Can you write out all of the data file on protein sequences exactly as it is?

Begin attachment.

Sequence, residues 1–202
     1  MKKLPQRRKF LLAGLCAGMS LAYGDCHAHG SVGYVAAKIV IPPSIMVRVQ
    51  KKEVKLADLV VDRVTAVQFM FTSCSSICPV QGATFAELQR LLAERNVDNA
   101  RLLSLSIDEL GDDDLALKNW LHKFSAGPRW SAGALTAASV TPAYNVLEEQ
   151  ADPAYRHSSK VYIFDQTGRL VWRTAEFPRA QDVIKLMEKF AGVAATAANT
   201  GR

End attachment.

Sequence, residues 1–202
     1  MKKLPQRRKF LLAGLCAGMS LAYGDCHAHG SVGYVAAKIV IPPSIMVRVQ
    51  KKEVKLADLV VDRVTAVQFM FTSCSSICPV QGATFAELQR LLAERNVDNA
   101  RLLSLSIDEL GDDDLALKNW LHKFSAGPRW SAGALTAASV TPAYNVLEEQ
   151  ADPAYRHSSK VYIFDQTGRL VWRTAEFPRA QDVIKLMEKF AGVAATAANT
   201  GR